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Normal Probability Distribution Graph Interactive

You can explore the concept of the standard normal curve and the numbers in the z-Table using the following applet.


The (colored) graph can have any mean, and any standard deviation.

The gray curve on the left side is the standard normal curve, which always has mean = 0 and standard deviation = 1.

We work out the probability of an event by first working out the z-scores (which refer to the distance from the mean in the standard normal curve) using the formulas shown.


Drag any of the colored dots left or right to change the values of:

  • The mean, = μ (red dot)
  • The standard deviation = σ (red dot, minimum value 0.2 for this graph), and
  • the starting and end points of the region of interest (x1 and x2, the green dots).

The green shaded area represents the probability of an event with mean μ, standard deviation σ occuring between x1 and x2, while the gray shaded area is the normalized case, where `mu=0` and `sigma = 1.`


Probability = P(z1) + P(z2) =

NOTE: The values given in the probability calculations come from the z-table.

Things to do:

  1. Drag the `mu` and `sigma` sliders to change the mean and standard deviation, and to see the effect on the bell curve.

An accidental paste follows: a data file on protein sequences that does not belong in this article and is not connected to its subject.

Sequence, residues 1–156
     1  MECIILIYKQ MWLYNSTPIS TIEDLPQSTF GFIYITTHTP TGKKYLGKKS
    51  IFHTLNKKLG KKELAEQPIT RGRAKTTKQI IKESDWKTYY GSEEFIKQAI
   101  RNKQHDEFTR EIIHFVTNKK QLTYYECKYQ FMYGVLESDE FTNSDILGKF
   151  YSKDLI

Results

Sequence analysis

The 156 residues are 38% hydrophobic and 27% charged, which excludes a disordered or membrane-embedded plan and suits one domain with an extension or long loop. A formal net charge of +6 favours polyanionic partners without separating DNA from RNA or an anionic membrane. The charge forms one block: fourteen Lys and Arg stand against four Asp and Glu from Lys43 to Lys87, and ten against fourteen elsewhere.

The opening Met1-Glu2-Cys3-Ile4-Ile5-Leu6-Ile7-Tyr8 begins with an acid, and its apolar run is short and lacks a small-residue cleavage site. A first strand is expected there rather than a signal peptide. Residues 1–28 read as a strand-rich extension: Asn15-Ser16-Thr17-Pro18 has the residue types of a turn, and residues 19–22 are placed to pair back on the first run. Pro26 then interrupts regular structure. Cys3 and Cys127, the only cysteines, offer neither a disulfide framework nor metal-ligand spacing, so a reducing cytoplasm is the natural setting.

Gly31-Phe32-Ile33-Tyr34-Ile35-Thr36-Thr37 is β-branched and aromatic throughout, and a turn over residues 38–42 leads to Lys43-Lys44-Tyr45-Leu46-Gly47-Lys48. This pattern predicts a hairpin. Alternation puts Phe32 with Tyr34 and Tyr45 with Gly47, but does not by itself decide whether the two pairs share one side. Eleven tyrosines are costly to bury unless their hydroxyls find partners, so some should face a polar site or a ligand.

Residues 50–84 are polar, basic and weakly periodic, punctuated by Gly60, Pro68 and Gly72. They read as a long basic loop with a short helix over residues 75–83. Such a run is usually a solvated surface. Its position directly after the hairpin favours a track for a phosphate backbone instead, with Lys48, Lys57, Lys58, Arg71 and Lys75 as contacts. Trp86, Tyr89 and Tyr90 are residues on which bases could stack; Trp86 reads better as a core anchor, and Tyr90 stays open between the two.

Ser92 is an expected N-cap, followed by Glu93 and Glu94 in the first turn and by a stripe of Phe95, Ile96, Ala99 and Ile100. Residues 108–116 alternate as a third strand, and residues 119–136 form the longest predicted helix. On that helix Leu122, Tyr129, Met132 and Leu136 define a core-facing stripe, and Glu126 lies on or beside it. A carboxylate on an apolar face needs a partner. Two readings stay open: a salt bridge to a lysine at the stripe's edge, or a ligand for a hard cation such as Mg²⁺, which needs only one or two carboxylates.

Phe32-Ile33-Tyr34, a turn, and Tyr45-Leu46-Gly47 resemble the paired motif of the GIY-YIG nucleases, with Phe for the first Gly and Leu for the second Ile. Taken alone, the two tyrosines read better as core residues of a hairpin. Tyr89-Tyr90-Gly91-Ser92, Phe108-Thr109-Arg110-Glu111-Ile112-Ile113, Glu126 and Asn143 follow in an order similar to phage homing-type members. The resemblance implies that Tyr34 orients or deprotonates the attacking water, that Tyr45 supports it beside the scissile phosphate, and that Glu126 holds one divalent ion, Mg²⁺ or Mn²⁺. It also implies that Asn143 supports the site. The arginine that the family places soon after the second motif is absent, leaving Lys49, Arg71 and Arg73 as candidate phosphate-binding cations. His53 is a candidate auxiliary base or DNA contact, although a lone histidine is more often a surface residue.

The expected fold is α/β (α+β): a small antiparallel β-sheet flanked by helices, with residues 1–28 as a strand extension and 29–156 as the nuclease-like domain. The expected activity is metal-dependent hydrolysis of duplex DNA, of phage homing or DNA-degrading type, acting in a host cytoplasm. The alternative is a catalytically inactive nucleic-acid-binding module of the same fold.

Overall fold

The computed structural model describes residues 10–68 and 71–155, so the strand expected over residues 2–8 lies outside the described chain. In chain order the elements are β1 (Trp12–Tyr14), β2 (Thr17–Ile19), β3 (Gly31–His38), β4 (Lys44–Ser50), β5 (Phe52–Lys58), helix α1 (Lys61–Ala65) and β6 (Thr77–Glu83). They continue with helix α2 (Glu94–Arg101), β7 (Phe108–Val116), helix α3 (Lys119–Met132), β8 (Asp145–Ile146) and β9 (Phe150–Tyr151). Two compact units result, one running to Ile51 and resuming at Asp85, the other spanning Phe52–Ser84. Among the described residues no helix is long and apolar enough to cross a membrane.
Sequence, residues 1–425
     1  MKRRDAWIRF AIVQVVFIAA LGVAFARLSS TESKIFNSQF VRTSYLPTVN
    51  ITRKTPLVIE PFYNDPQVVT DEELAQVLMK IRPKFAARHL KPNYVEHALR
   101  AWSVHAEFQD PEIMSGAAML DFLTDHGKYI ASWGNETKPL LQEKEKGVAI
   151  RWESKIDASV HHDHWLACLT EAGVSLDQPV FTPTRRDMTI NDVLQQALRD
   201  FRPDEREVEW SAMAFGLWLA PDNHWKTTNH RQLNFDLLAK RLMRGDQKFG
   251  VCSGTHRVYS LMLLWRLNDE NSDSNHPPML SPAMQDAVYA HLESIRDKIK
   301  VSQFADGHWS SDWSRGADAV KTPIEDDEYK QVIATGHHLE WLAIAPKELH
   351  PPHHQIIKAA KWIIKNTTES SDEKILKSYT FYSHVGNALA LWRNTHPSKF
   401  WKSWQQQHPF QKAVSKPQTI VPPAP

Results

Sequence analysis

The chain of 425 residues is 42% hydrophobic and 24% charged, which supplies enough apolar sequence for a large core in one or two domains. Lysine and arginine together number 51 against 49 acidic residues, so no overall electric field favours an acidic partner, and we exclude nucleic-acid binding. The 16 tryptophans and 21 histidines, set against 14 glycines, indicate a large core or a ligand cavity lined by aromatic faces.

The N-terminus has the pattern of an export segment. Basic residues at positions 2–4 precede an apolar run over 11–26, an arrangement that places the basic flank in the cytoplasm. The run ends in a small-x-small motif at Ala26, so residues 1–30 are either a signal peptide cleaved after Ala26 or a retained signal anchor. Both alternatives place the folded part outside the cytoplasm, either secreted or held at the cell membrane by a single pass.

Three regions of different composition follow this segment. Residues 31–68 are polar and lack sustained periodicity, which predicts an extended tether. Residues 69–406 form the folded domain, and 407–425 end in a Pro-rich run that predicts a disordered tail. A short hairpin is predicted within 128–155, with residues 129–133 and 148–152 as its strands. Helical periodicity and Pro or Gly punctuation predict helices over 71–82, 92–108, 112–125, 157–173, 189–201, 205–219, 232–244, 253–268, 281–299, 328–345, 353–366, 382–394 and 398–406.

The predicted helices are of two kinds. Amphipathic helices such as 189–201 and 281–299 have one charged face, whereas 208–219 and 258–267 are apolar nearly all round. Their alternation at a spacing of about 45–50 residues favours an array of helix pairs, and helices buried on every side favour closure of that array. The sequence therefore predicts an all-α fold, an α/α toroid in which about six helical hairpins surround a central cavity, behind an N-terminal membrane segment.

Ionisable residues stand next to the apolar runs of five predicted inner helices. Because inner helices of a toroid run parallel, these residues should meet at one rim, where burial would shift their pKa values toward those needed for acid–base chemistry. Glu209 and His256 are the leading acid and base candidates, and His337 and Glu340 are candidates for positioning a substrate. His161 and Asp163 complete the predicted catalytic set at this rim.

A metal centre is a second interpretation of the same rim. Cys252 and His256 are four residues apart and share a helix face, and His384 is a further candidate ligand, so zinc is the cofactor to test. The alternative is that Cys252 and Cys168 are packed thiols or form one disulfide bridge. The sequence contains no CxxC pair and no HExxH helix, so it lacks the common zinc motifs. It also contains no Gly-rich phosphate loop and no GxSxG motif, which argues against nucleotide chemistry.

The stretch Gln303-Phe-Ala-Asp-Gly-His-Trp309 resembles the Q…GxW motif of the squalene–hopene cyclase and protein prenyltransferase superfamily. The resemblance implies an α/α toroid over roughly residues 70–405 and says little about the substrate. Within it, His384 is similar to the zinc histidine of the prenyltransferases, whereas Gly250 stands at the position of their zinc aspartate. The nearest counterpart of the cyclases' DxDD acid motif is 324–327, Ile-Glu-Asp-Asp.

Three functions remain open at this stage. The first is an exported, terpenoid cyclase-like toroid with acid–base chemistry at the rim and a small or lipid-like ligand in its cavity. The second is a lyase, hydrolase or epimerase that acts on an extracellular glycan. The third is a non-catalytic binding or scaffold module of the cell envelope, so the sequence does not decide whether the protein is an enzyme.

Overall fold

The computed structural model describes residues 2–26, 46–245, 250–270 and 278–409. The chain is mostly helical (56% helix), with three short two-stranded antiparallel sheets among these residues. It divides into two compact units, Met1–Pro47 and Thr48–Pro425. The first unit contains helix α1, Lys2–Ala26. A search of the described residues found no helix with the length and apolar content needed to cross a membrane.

2. Drag the `x_1` and `x_2` sliders to change the portion of the curve for which you need to find the probability.
  3. Now click on "Show standard normal curve" to see the equivalent shaded area when the blue curve is translated to the standard form.
  4. Now click on "Show `z`-score calculations" to see how this is done.
  5. Now see the probability calculation for your situation.
  6. Observe the proportion of the area under the curve from `mu` to `1` standard deviation from `mu` (around 34%, and observe on the gray curve it's `sigma=1`), `mu` to `2` standard deviations (around 47.7%, or `sigma=2` on the standard normal curve) and from `mu` to 3 standard deviations (almost the whole right hand side, around 49.9%, and `{:sigma=3)`
  7. Try setting `mu=0` and `sigma=1` for the green curve. In this case, you have done what the `z`-score does for us - that is, used the standard normal curve.

How does it find the probabilities?

This javascript applet is using numerical integration to find the shaded area under the curve between the vertical lines.

It is actually using Simpson's Rule, which you will learn about later in the calculus section.

These are the scores we (humans) need to get from the z-table.

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